28 January 2015

Let's Not Joke About Ebulla

This past weekend, U.S. military officials announced that the 34th Infantry "Red Bull" Division headquarters, along with hundreds of other National Guard and Army Reserve units from across the nation, were no longer slated to deploy to the West African nation of Liberia this spring. This essay was written prior to that announcement.

Sgt. 1st Class Katz is preparing to go to Africa. It'll be her fourth deployment. The Minnesota National Guard's 34th Infantry "Red Bull" Division headquarters has been alerted for the Ebola-response mission to Liberia. The mission is called "Operation United Assistance." I tell her it'll be a good mission—a good story. She tells me something she remembers me saying once, regarding going to Afghanistan with the division's 2nd Brigade Combat Team (2-34th BCT).

"You said something about how everything kind of fell into place, for both you and the unit," she says. "How the Red Bull boasted the longest-deployed units to Iraq ... the largest deployment of Iowans since World War II ... one of only three National Guard brigades to own battle space in Afghanistan ... This might be the only time anyone would ever see something like this."

In typical sentiment, Katz says she doesn't want to go, but also that she wants to go. I understand the push-pull, topsy-turvy, mixed feelings about pending deployments. It's heady stuff, being called up to help change the world. Citizen-soldiers get to see history in the making. It's also a burden, however. Family and friends worry. Life and job get interrupted. Embrace the suck.

"Still," I remember my father saying once or twice, "it has a certain appeal ..."

I remember Papa Sherpa coming off a U.S. Air Force Reserve rotation to Operation Desert Shield. Soon after, he put in his retirement papers. He had started his active-duty military career during the Vietnam War, as a navigator on a C-130 Hercules, flying tactical airlift missions. After a variety of other platforms and missions, he ended his career in the same way.

After his paperwork had already been filed, however, the military mission to Somalia popped up. At the time, I was relatively new to the service, and was wearing Army greens. Off at months of Army training, I'd missed the war in Kuwait. That was on my mind when I asked Dad if he regretted putting in his papers, and potentially watching his former colleagues lift off without him. "You know," he said, "this might have been one to miss ..."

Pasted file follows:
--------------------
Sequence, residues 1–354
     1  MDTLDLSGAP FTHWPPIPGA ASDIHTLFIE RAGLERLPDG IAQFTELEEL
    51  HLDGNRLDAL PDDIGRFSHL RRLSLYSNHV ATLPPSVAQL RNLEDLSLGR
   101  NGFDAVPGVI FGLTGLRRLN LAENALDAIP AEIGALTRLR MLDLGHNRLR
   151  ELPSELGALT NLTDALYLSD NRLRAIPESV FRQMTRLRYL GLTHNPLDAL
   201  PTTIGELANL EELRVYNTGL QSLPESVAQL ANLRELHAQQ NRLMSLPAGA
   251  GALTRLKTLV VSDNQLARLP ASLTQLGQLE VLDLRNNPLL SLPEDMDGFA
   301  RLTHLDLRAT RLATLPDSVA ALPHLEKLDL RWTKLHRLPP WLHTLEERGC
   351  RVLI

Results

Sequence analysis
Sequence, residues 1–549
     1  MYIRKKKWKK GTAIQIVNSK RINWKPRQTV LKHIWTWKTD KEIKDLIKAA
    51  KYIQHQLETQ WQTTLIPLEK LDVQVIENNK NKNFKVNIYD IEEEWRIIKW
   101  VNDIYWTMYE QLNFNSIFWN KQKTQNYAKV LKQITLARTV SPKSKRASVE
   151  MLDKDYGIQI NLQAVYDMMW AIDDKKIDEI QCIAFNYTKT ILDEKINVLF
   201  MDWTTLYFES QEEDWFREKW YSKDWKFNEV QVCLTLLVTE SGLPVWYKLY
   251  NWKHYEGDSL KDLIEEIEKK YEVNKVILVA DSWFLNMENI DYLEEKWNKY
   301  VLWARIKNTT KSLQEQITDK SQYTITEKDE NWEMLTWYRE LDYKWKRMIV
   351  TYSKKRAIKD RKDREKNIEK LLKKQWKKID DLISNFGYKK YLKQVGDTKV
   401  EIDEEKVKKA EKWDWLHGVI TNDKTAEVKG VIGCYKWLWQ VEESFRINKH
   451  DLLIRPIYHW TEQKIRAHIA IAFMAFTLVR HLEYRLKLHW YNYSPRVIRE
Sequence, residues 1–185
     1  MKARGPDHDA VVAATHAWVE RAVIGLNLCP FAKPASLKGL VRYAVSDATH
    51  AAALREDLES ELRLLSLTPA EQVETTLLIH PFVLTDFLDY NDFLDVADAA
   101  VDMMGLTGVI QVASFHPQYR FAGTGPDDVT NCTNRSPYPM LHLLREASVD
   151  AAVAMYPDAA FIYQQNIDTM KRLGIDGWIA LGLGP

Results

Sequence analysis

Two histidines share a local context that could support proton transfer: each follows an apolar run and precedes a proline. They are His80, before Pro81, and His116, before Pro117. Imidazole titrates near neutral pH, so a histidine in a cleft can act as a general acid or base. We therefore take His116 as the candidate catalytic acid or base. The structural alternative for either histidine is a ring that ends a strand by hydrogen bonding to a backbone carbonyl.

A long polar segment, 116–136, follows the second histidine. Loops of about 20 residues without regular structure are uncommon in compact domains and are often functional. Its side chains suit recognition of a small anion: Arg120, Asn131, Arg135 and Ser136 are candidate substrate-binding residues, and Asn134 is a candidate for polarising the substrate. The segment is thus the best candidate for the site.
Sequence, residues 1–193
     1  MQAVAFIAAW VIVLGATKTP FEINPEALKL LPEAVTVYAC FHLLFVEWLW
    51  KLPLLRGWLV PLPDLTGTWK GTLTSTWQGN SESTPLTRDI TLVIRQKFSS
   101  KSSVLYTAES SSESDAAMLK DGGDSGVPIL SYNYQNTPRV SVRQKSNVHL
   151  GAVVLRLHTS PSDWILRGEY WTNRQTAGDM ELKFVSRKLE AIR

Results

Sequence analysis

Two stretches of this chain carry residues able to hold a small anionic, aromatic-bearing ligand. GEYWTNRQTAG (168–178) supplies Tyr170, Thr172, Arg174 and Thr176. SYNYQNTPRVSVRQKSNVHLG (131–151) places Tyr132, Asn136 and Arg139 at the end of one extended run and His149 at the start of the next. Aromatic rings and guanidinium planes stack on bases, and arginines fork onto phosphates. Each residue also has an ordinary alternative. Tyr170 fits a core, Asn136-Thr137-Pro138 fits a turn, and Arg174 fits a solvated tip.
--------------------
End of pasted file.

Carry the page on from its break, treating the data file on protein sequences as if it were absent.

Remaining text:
"All this has happened before, and all this will happen again." The same Army officer who once tagged me with the "Sherpa" nickname was the one who recommended that I watch the rebooted Battlestar Galactica, while we were both deployed to a peacekeeping mission to the Sinai Peninsula. From that science-fiction program, I first learned the mantra of the eternal return: "All this has happened before, and all this will happen again."

Of all the lessons I learned in the Army, that phrase explains the most.

After I graduated, I swore that I'd never come back to Iowa, but I did. I returned to Iowa after Army communications school, and joined the Iowa Army National Guard. I worked a couple of community and metro newspaper jobs, and made the jump to trade magazines by the mid-1990s.

My first editorship? I kid you not: It was a trade magazine for managers of corporate, hospitality, healthcare, institutional facilities and campuses. The now-defunct publication was was called—again, I am not making this up—"Maintenance Executive."

How's that for high-falutin'?

My interest in writing about best-practices and lessons-learned stems from that experience. Twenty years ago, I was writing about the threats of Ebola, as well as other emergent diseases, on behalf of those professionals most likely to clean it up. In one memorable columnist's portrait, I was photographed wearing a suit and tie and my M17A2 protective mask. I'd borrowed the latter from my locker at the National Guard armory.

For magazine cover-story, I interviewed Richard Preston, author of the non-fiction book "The Hot Zone." Preston tells stories of three strains of Ebola, each named after the place of its discovery: Ebola Sudan, Ebola Zaire, and Ebola Reston (Va.). My family and friends took to naming the seasonal flu after the person who'd first discovered it: Ebola Jeff, Ebola Scott, Ebola Sherpa ...

Hilarious, no? I kill me.

So, Katz is off to war again. And Ebola doesn't look like as much of a joke as it was when I was young and immortal. But the Red Bull is, once again, present at the fulcrum of history. People like Katz don't want to go, but they don't want to stay at home, either. This will be the first time I'll see a Red Bull friend of mine move out smartly, post-Afghanistan.

It's not a war, but neither is it business as usual. The Red Bull is again on the attack.

Two thoughts haunt my hours:

"This one might have been one to miss."

"All this has happened before, and all this will happen again."

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